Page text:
Radio Radio

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 I’m old enough to remember when radio was a big deal. As a kid growing up in L.A. in the 60s and 70s, our generation’s golden years, I listened to “Boss Radio” with legendary DJs Robert W. Morgan, the Real Don Steel, Charlie Tuna and Humble Harve (who went on to do a stretch in prison after shooting his wife). KHJ, more than any other station, became the soundtrack of our young lives.

I also fell in love with a small station in the San Fernando Valley called KGIL, anchored by an absolutely insane morning guy named “Sweet Dick” Whittington, a precursor to today’s Howard Stern. Like Stern, Whittington was known for his prank calls and stunts, including hanging a railroad clerk’s painting in the Louvre (the fact that he hung it in the men’s room makes the story even better).

Later, when I started listening to FM, it was like discovering radio all over again, only with a clean signal and DJs who played entire albums that I taped directly from my speaker.

All of this made me want to be a disc jockey, and I actually did it for a while, first in college and then on a series of crappy commercial stations throughout the Southwest. Although I had some good times and made some lifelong friends, I also realized that I’d gotten into the business toward the end of its glorious freewheeling run.

Still, I have a soft spot for radio that continues to this day, something I apparently share with a number of musicians who have paid tribute to the medium over the years. Sure, many of these songs are of the love/hate variety, ranging from wistful to defiant. But it just shows they still care. A quick Google search reveals more than a hundred songs about radio. Here are my favorites:

WOLD- The sad cautionary tale of every hard-drinking, check-bouncing washed-up DJ I ever worked with (and didn’t want to turn into), masterfully told by Harry Chapin, one of our best musical story-tellers.

Radio Radio – Elvis Costello at his pissed-off finest, growling “I want to bite the hand that feeds me. I wanna bite that hand so badly, I wanna make them wish they’d never seen me . . .”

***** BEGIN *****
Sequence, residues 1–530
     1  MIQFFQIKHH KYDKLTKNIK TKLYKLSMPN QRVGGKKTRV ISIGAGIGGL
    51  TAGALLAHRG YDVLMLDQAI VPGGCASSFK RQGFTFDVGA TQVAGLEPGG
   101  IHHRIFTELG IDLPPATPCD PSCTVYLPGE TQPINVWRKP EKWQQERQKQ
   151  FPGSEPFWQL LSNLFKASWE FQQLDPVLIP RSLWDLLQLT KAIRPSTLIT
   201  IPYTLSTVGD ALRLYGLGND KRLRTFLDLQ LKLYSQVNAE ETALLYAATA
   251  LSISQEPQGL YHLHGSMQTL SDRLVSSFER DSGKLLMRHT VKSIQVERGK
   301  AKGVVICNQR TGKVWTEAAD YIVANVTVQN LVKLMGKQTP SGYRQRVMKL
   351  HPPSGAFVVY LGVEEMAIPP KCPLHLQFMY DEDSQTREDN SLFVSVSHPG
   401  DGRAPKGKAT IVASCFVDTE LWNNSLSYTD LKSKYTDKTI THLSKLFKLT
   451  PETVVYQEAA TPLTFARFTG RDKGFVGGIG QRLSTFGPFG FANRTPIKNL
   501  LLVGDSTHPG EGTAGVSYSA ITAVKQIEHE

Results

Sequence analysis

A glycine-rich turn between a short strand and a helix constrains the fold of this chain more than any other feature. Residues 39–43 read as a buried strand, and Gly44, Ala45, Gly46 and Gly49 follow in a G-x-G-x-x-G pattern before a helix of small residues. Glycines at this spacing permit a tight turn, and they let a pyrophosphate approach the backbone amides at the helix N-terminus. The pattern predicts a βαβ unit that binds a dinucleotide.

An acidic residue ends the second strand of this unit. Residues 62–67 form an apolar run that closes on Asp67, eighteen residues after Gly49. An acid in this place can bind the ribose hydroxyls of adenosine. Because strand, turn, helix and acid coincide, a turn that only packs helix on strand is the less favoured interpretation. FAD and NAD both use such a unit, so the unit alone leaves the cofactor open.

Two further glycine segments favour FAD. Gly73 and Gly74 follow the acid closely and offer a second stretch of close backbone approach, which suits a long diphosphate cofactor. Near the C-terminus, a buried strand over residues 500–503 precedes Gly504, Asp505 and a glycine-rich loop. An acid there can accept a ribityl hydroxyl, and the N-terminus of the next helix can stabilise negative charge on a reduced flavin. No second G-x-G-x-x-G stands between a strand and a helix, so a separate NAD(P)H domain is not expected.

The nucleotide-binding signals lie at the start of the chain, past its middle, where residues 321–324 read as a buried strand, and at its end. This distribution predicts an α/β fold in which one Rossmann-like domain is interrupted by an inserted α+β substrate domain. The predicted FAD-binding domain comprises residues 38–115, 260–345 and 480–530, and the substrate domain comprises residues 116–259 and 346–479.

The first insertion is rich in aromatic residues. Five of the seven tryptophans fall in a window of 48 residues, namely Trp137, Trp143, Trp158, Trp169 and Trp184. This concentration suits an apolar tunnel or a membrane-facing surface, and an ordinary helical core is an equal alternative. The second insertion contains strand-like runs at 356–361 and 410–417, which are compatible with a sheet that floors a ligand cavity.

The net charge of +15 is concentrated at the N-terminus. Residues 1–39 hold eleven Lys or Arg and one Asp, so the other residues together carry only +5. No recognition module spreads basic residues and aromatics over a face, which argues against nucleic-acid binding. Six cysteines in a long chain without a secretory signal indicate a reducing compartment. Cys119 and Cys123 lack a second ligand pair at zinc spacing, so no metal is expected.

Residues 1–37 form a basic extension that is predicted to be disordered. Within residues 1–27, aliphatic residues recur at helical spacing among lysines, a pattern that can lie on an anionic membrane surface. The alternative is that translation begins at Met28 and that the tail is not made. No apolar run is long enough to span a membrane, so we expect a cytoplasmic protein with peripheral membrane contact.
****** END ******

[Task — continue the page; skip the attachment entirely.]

Radio Ga Ga – A tuneful and bittersweet anthem from Freddy Mercury and Queen (penned by drummer Roger Taylor) hailing radio’s better days and lamenting the blathering squawk box it had become — but still holding out a glimmer of hope. A real crowd-pleaser.

Devil’s Radio – George Harrison’s editorial comment on the sorry state of talk radio is more relevant today than when it came out in 1987.

Last DJ – Rumor has it that Tom Petty’s song was a tribute to his friend Jim Ladd, a Los Angeles-area jock who refused to kowtow to the corporate overlords and “plays what he wants to play.” Ladd, by the way, is still plying his trade on Sirius.

FM – Steely Dan’s soulful title track was the only good thing about the movie. “No static at all.”

Clap for the Wolfman – Guess Who’s tribute to the legendary Wolfman Jack, including several snippets of the master’s voice. Too young to remember the Wolfman? Check this out.

Radio Nowhere – Remember driving through some godforsaken end-of-the-world desert in the middle of the night and pulling in stations from thousands of miles away, only to have them fade in and out at the worst possible time? So does the Boss.

Radio Clash – And speaking of the end of the world, who better to write and sing about it than Joe Strummer and the Clash. The ultimate nihilistic Pirate Radio rant.

Theme Song WKRP – Back in the day when TV shows had actual theme songs, this was one of the best. The journey of every lifelong radio wanderer, told in under a minute. Dr. Johnny Fever lives!

 

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